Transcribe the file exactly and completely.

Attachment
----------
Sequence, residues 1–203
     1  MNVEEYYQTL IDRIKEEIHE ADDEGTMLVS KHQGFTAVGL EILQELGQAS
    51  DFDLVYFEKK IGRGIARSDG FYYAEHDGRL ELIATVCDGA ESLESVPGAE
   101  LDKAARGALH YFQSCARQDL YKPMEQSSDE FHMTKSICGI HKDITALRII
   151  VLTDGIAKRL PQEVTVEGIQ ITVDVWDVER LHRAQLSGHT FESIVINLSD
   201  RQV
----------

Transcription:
Sequence, residues 1–203
     1  MNVEEYYQTL IDRIKEEIHE ADDEGTMLVS KHQGFTAVGL EILQELGQAS
    51  DFDLVYFEKK IGRGIARSDG FYYAEHDGRL ELIATVCDGA ESLESVPGAE
   101  LDKAARGALH YFQSCARQDL YKPMEQSSDE FHMTKSICGI HKDITALRII
   151  VLTDGIAKRL PQEVTVEGIQ ITVDVWDVER LHRAQLSGHT FESIVINLSD
   201  RQV